17  Soil texture affects soil properties  Coarse textured soil (sandy)  Will not hold water well- flows through easily  Fine textured soil (high in clay)  Due to negatively charged surface, able to hold onto important plant nutrients (K +, Ca 2+ )  Poor drainage  Low oxygen levels in soil



20  Loam  Combo all textures – 20% clay, 40% sand and silt  Ideal for agriculture ▪ Sand holds air/water ▪ Clay holds nutrients

21  Nutrients: Nitrogen, potassium (potash), phosphorus  Soil Acidity  Measured using pH scale ▪ 0-7 = acidic ; 7 = neutral ; 7-14 = basic  pH of most soils range from 4-8  Affects solubility of certain plant nutrients  Affects leaching of nutrient minerals ▪ Ex: acidic soil doesn’t bind positive ions as well  Optimum soil pH is 6-7 ▪ plant nutrients are most available to plants ▪ Soil amendments (ex: lime) can be used to achieve this pH

22  Physical and chemical properties of soil  Soil vocab: clay, silt, sand, loam, humus, topsoil

23  coniferous forests  O-horizon composed of needles  Not good farmland- too acidic

24  Temperate Deciduous Forests  Precipitation high enough to leach most organics and nutrients out of O-, A- and B- horizons  Soil fertility maintained by leaf litter

25  temperate, semi-arid grassland  Very fertile soil  Soluble nutrients stay in A-horizon due to low leaching

26  arid regions  Low precipitation = no leaching, no vegetation = not much org. matter

27  tropical and subtropical areas with high precipitation  Very little organic material accumulation due to fast decay rate  B-horizon is highly leached, acidic, and nutrient poor  Nutrient minerals in plants, not soil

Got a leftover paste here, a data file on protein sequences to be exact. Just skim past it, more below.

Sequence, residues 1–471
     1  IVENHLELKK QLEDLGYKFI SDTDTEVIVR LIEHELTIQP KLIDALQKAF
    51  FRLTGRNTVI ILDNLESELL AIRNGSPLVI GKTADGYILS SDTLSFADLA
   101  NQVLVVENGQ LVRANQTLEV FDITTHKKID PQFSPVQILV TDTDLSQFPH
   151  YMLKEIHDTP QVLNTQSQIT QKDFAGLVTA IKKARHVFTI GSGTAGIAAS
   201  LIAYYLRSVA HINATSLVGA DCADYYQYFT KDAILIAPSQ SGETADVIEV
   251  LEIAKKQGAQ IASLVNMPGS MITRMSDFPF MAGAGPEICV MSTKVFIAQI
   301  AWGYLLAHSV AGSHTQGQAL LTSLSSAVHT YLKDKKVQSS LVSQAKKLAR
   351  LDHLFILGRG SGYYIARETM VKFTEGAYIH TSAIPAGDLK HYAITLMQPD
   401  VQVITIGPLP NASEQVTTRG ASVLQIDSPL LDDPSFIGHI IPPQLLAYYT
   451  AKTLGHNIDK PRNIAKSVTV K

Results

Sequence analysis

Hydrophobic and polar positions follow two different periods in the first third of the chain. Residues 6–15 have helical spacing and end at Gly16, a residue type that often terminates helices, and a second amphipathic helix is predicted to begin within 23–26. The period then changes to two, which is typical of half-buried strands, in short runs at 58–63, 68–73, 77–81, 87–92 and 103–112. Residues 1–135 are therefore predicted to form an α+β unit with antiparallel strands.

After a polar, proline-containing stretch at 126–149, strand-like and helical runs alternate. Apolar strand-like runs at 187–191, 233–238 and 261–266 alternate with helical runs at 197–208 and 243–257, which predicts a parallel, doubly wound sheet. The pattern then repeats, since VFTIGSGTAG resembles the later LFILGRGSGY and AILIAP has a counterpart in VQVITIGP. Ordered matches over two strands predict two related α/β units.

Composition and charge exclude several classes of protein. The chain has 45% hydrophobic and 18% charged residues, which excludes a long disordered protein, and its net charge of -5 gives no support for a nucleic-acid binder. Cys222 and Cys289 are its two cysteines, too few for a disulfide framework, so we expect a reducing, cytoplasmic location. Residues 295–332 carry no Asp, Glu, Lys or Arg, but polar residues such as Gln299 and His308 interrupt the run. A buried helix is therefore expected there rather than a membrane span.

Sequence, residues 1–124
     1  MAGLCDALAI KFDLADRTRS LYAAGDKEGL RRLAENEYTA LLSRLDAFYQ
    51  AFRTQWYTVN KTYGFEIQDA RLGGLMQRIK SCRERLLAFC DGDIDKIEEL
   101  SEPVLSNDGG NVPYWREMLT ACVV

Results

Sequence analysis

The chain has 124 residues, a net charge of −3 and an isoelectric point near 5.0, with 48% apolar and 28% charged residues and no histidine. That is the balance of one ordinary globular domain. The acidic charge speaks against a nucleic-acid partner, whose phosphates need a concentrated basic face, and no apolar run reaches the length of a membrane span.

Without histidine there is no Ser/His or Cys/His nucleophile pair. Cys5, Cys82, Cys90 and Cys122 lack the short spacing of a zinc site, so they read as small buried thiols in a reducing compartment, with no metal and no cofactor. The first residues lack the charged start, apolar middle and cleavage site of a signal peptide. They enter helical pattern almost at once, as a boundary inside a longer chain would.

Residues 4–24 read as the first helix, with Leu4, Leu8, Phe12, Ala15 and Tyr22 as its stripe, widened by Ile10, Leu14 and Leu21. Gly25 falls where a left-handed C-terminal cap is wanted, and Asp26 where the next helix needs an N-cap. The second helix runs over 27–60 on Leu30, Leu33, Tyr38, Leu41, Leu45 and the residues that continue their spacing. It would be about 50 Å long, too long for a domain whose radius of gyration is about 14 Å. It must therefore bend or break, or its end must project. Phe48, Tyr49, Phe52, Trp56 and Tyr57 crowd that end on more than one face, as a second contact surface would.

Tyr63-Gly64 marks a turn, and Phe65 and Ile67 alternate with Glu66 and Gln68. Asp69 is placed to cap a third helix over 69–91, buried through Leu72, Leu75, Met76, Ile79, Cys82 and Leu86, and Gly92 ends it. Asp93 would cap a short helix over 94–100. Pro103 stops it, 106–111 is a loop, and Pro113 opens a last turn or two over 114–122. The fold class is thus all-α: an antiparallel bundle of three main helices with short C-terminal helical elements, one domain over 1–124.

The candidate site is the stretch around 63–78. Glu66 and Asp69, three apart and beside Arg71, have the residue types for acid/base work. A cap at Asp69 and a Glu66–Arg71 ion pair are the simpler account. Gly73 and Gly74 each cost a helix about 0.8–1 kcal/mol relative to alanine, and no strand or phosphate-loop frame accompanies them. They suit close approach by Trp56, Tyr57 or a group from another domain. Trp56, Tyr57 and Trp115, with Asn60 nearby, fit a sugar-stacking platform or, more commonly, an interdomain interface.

28  Soil Erosion  Def: wearing away of soil from the land  Caused primarily by water and wind  Why a problem?  less soil  grow less plants  Decrease amount of nutrients  need more fertilizers  Sediment into surface water that decreases quality of fish habitat

29  Erosion causes:  natural, but anthropogenic activities make it worse: ▪ Poor agricultural practices ▪ Removing natural plant communities when building roads (plant cover holds soil) ▪ overgrazing

30  Great Plains have low precipitation and subject to drought  1930-1937 severe drought  No natural vegetation roots to hold soil in place ▪ Replaced by annual crops  Winds blew soil as far east as NYC and DC.  Farmers went bankrupt


32  Nutrient Mineral Depletion

33  Soil Salinization  Def: gradual accumulation of salt in the soil  Often in arid and semi-arid areas  The little precipitation that falls is quickly evaporated  Leaves behind salts  most plants die  Soil remediation  Dilution, bioremediation/phytoremediation

34  Desertification  Def: degradation of once-fertile land into nonproductive desert  Typically a human-induced condition  Ex: African Sahel; possible solution: Agroforestry to plant crops and Acacia trees (nitrogen-fixing + decomposing leaves)

35  Conservation Tillage  Residues from previous year’s crops are left in place to prevent soil erosion  Includes no tillage  Con: weeds o Crop Rotation (polyculture) Planting a series of different crops in the same field over a period of years Lessens pest and insect disease Replenish nitrogen Ex: corn  soybeans  oats  alfalfa (soy and alfalfa = legumes)